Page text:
The IFA RAS model makes it possible to describe eight layers of the atmosphere (up to 80 km), three-of oceanic block and two of dry land, it takes into account biospheric effects, changes of marine ice and reproduces well enough on the whole the present-day climate. The mean warming figure of 0.7 degrees for the past 100 years obtained from observations is within the range of these assessments. By the middle of the 19th century it is expected to increase by 1 - 1.5 degrees as compared with the basic regime of 1961 - 1990, and by the end of this century-by 1.5 - 3 degrees.
At the Climate Theory Laboratory of our Institute they studied yet another aspect of the problem of permafrost - the depth of seasonal thawing. As proved by calculations according to the model of thermophysical processes in the ground, during warming it may increase in Northern Eurasia, in Russia for example, by 20 - 40 percent. In some regions "taliks"* can be formed, and the moment of separation of permafrost from the active layer of soil will depend on the nature of the latter-with all other conditions being equal, it will occur earlier for sands and later for clays.
Working together with our German colleagues from the Hamburg Meteorological Institute of M. Plank (MIMP) and the Institute of Marine Sciences of the Kiel University we have been assessing the possible changes of various characteristics of natural precipitation for Northern Eurasia in the 20th-21st centuries in different scenarios. For calculations we used climatic models of MIMP and IFA RAS taking into account anthropogenic emissions of hothouse gases.
We analyzed in detail the hydrogeological regimes in the basins of the biggest rivers of Russia and in the Caucasus. In the present century for the regions of the Ob, Yenisei, Lena and Volga in winter time we can expect increases of the total amounts, intensity, extreme regimes and possibility of precipitation (river discharges will increase accordingly). In summer-time the first three factors are generally increased, but the last one decreases. A more variegated picture is observed in the Caucasian region with its closely neighboring arid zones and those with normal or increased humidity. According to data provided by 10 local weather stations, the tendencies for changes in the natural precipitation differ considerably (sometimes polarly) in the northern and southern, maritime and more continental regions. Therefore the results of the calculations often depend considerably from the choice of the borders of the investigates territories and scenarios of climate changes on our planet.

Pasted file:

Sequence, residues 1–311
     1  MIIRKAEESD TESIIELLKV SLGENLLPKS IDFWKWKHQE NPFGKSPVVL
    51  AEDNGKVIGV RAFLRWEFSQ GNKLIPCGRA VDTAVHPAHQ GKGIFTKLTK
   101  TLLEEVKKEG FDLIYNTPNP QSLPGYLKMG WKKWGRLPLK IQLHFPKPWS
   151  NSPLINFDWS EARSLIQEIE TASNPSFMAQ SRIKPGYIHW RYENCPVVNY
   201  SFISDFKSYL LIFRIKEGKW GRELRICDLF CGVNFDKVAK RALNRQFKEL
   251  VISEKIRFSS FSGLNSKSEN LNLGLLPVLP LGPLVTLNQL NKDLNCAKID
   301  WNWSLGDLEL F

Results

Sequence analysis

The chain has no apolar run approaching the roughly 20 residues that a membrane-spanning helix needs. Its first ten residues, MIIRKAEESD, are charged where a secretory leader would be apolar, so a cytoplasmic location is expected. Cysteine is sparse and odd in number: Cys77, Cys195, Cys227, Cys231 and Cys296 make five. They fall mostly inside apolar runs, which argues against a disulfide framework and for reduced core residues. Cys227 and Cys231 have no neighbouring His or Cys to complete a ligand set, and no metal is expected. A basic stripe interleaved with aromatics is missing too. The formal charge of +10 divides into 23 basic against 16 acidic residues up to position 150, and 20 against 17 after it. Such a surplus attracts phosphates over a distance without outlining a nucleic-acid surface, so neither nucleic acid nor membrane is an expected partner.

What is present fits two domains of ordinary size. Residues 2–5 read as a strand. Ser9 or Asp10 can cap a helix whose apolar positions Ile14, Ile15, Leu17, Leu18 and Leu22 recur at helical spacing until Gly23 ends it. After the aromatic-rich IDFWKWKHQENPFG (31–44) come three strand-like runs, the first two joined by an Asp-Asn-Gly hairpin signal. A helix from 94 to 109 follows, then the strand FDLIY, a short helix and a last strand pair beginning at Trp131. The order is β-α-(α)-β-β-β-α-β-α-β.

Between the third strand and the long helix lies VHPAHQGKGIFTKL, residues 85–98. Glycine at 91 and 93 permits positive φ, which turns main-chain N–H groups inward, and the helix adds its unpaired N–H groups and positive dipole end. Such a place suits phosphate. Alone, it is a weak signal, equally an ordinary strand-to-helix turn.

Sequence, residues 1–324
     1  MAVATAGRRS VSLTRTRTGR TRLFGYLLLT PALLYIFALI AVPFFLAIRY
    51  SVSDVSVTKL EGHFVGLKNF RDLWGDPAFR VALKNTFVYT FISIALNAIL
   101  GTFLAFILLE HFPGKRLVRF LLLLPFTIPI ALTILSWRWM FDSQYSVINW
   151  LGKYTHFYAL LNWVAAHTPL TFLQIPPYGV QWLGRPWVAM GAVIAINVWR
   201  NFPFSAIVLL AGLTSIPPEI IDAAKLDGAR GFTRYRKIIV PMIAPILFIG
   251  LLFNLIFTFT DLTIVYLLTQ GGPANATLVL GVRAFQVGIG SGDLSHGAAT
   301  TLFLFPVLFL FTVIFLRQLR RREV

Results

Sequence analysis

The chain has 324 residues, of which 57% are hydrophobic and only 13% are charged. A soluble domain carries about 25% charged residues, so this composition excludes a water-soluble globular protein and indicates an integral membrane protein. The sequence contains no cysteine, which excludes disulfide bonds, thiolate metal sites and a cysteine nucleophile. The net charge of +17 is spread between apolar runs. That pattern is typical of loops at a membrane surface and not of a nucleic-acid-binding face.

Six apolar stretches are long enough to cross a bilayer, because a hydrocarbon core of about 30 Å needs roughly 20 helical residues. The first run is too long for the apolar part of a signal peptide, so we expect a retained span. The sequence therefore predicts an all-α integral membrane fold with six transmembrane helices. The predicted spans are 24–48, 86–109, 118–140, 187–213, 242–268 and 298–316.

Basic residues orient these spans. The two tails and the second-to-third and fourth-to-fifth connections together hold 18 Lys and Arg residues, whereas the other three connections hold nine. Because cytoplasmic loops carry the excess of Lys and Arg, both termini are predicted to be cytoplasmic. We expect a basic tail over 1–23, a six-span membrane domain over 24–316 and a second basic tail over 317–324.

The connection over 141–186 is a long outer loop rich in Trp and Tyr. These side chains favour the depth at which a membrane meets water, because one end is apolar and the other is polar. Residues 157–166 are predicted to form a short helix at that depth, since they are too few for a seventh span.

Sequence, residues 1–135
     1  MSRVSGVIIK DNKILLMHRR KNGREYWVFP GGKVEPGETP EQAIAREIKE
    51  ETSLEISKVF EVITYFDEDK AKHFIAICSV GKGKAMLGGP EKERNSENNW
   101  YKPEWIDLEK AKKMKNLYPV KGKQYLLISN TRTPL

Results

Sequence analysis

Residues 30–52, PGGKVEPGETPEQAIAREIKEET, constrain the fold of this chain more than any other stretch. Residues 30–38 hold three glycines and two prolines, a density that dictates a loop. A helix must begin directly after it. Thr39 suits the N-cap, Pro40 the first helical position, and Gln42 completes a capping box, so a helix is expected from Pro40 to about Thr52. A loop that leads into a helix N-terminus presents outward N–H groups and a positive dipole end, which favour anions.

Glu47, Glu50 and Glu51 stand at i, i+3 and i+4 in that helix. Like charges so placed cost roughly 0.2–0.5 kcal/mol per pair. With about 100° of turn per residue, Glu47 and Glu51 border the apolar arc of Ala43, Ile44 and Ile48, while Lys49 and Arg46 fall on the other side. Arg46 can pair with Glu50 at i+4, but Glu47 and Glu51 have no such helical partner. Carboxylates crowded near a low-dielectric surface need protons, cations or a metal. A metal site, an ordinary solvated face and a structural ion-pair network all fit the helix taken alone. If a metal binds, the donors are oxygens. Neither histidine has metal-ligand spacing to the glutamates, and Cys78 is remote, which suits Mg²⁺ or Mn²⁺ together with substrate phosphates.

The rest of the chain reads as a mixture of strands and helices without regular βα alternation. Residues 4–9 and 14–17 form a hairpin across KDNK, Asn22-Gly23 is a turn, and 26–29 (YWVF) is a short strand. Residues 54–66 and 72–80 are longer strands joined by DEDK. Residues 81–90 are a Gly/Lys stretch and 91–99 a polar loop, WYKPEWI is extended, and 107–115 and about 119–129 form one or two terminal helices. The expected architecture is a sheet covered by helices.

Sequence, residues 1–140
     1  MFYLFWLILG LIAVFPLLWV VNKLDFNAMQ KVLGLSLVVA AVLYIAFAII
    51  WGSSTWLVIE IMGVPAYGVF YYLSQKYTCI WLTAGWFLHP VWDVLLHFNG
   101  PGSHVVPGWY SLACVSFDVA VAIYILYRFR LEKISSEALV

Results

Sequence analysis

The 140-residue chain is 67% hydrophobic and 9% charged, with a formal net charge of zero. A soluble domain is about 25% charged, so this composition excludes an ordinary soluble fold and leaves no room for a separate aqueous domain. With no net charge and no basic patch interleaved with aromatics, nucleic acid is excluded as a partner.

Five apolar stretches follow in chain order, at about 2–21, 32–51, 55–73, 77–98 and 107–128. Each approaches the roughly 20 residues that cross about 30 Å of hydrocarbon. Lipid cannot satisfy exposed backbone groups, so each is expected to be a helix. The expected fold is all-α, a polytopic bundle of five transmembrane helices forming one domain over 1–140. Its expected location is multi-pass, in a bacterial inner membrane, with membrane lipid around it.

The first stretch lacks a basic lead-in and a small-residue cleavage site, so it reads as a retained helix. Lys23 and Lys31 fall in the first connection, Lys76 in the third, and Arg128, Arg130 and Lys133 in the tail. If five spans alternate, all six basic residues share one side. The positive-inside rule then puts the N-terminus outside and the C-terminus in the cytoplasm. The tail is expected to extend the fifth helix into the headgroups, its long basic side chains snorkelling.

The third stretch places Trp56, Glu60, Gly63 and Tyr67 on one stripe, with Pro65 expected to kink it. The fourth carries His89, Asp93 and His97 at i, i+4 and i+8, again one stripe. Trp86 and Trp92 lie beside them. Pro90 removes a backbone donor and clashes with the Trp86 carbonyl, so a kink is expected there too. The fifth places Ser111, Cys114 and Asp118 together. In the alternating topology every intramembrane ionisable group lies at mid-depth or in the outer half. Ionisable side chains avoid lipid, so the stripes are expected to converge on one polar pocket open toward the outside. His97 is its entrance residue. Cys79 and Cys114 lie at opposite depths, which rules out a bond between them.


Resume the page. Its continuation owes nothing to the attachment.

In general with the arrival of a global warming one can expect over many regions, including Northern Eurasia in winter time, considerable growth of extreme values and mean intensities of precipitation. In more southern regions their probability in any time of the year will decrease.
The results obtained according to the German and Russian models are generally in agreement (especially for hibernal regional regimes). For better description of meridional regimes we are planning further modification of our model.
And it should be noted that model assessments of changes of winter precipitation are more stable (meridional) than of summer ones. This can be explained by intensive changes of the temperature regime (according to observations and model assessments) and intense atmospheric circulation in cold months. During that time of the year moisture transfer is stronger from west to east, including that over Northern Eurasia, and more apparent regional climatic regularities which are authentically reproduced by even relatively simple models.
Regional peculiarities of the temperature and hydrological regimes are connected with what are called centers of atmospheric impact, including the Siberian and Azorean maximums (anticyclones), Icelandic and Aleutian mini-
* Talik - defrosted area of soil in areas of criolytoxon with positive temperature at least for part of а year. - Ed.
Changes of winter precipitation (% in 100 years) in the 21st century (compared with period 1961 - 1990) with anthropogenic scenario by KMOTS calculations and climate model of IFA RAS.
mums (cyclones). Calculations of their average parameters with the help of our model generally match the results of observations with the exception of some overestimations of pressure in the center of subtropical maximums. In the 21st century, according to scenarios of anthropogenic warming, one can expect for example, a weakening of the Siberian maximum and strengthening of the Aleutian minimum.